Please download the SCOT guidance PDF below:
As the number of COVID patients across Scotland starts to rise significantly several areas of common concern within trauma and orthopaedics are emerging. Most pertain to maximising the safety of staff and patients in the operating theatre. There is also anxiety about the level of trauma service that can be maintained as this situation progresses.
The concern about the operating environment has been elevated in recent days following the publication of the surgical colleges’ intercollegiate guidelines for surgery during COVID (March 25th). It is possible to interpret the guidelines as saying that all patients undergoing surgery should be tested for COVID and where possible surgery delayed until the result known. Where the surgery could not wait the patient should be treated as presumed COVID positive and full protective equipment used. This position presents practical problems for most sites just now as testing capacity and PPE is not in sufficient supply to meet these recommendations. The collegiate advice is also not consistent with Health Protection Scotland (HPS) or Public Health England (PHE) advice which recommends using full PPE only where COVID is suspected.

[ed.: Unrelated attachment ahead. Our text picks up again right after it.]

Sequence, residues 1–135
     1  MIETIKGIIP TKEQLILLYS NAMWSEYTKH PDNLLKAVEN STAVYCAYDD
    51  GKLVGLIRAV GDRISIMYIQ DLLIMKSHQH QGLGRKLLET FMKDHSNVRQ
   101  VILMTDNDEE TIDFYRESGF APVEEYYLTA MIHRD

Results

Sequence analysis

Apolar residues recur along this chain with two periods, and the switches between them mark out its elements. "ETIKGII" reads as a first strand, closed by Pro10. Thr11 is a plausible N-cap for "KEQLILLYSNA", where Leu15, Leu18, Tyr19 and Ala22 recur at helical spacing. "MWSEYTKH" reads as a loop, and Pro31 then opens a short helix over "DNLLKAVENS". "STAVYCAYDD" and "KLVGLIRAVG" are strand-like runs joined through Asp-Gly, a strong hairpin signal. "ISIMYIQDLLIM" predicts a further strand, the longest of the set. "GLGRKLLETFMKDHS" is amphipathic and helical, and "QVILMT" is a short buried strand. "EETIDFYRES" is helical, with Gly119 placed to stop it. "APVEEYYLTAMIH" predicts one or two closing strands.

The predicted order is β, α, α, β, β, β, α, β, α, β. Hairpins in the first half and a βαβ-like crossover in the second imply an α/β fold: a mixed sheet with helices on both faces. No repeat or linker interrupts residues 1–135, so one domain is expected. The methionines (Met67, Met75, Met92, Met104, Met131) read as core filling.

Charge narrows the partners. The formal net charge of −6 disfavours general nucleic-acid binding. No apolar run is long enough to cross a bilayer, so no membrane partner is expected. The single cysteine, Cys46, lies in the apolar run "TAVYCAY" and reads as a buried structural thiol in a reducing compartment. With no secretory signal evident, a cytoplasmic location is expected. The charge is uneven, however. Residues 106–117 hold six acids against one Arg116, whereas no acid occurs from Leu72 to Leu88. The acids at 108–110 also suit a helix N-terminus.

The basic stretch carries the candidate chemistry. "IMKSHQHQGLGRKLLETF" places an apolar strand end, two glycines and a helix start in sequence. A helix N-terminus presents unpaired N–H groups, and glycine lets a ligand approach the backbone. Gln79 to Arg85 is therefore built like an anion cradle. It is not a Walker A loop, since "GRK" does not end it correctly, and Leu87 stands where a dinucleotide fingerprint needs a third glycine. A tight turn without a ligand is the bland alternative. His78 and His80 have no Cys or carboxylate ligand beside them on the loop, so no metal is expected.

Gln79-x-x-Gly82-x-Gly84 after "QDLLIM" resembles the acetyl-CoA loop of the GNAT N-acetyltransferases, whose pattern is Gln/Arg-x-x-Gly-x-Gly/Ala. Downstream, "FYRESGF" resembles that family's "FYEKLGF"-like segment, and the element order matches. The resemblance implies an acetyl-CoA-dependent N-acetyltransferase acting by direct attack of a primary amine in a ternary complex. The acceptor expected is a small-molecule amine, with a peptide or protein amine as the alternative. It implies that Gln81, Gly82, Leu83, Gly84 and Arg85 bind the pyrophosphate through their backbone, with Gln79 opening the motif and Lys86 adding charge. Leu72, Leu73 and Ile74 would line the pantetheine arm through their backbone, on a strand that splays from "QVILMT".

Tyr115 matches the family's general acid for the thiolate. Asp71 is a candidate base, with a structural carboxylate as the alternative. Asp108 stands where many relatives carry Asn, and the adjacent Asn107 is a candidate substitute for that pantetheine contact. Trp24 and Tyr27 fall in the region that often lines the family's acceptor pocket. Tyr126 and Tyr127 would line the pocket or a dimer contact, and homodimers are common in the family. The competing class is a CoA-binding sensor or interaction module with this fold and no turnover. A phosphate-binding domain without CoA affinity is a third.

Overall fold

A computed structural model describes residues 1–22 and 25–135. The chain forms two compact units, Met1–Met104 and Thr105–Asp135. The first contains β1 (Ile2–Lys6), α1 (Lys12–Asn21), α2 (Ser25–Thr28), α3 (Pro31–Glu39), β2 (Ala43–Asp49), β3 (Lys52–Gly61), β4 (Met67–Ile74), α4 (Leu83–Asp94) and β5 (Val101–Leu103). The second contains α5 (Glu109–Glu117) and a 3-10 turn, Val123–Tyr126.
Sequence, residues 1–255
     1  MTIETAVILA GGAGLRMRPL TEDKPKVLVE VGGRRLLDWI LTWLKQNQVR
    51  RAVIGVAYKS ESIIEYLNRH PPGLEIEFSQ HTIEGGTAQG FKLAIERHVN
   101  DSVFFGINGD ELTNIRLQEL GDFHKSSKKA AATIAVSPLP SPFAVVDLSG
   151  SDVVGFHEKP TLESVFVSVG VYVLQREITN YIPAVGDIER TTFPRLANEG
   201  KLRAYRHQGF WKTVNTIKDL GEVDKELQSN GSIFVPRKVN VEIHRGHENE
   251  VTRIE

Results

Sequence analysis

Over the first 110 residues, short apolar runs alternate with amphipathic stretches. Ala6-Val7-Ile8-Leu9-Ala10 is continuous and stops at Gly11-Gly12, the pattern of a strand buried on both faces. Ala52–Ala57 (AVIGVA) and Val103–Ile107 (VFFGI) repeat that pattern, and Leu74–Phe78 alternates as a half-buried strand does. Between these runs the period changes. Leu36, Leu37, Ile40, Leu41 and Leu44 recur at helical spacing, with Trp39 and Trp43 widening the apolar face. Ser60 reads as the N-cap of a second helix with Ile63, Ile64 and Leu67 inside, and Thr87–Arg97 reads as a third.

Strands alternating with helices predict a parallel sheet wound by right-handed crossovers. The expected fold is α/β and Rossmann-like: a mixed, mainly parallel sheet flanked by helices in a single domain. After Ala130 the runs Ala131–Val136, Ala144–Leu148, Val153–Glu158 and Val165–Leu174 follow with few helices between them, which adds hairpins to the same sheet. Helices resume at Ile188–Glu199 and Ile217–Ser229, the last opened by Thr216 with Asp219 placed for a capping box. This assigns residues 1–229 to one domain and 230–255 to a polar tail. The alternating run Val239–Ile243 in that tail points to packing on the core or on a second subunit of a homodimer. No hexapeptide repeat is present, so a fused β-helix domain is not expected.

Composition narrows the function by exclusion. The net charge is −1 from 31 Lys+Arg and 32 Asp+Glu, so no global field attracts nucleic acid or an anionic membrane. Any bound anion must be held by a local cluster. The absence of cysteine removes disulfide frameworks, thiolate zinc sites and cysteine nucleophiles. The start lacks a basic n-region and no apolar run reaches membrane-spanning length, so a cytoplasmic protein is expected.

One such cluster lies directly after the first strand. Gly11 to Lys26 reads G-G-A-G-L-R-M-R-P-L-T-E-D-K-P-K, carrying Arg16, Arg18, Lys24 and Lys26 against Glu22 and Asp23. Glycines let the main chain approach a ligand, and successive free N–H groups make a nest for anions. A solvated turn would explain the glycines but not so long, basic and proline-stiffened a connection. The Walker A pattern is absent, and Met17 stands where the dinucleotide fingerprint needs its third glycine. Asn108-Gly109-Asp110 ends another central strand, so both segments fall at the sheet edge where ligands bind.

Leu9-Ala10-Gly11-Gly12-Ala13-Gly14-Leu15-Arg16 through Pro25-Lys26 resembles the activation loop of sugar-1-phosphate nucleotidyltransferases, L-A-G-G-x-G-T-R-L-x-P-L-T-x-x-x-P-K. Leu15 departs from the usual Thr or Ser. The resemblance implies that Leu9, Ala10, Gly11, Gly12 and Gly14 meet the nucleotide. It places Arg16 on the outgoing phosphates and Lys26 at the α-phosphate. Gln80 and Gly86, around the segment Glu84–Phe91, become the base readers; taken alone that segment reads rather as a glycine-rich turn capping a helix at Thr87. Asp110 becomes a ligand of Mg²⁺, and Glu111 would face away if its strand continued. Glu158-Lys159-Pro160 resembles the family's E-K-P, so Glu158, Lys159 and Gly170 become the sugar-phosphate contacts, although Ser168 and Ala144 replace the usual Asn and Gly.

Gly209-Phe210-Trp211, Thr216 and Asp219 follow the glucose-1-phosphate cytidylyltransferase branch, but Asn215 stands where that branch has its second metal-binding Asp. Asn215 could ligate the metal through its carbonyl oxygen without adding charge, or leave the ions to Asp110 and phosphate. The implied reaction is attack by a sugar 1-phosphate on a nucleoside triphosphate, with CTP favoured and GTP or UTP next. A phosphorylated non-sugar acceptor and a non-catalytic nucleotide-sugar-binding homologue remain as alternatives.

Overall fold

Emerging evidence of potentially high levels of asymptomatic carriers of COVID may make the intercollegiate advice sound sensible but the current intercollegiate statement does not represent a policy change from HPS or PHE. The colleges are now working with these bodies and the CMOs to clarify the position but current advice remains to follow the HPS recommendations on PPE precautions.
The Intercollegiate statement also recommended not using laminar flow. Clarification was sought last night from the BOA which it should be noted did not endorse the intercollegiate statement. The BOA position remains that laminar flow should be used for all patients where available.
We are in a time when numerous groups are hurriedly producing guidance with the best intentions. Where contradictions appear anxiety and scepticism is inevitable. I thought it might be helpful to see an excerpt from a statement by the Infection Prevention Society issued yesterday:
“The Infection Prevention Society are experts in preventing the transmission of infection in healthcare environments. We fully support and endorse the guidance on the use of personal protective equipment (PPE) for the management of COVID-19 from the joint UK Public Health bodies” “ We are therefore calling on clinical colleagues and specialist societies, whose expertise is not infection prevention, to refrain from creating confusion, anxiety and alarm by contradicting the advice from experts in this field.”
It is hoped and expected that we will soon be in a position where patients and staff can be rapidly and reliably tested for COVID and correct precautions taken. In the meantime we must rely on the best evidence we have and the use of sensible measures to protect our teams while still delivering the service our patients need.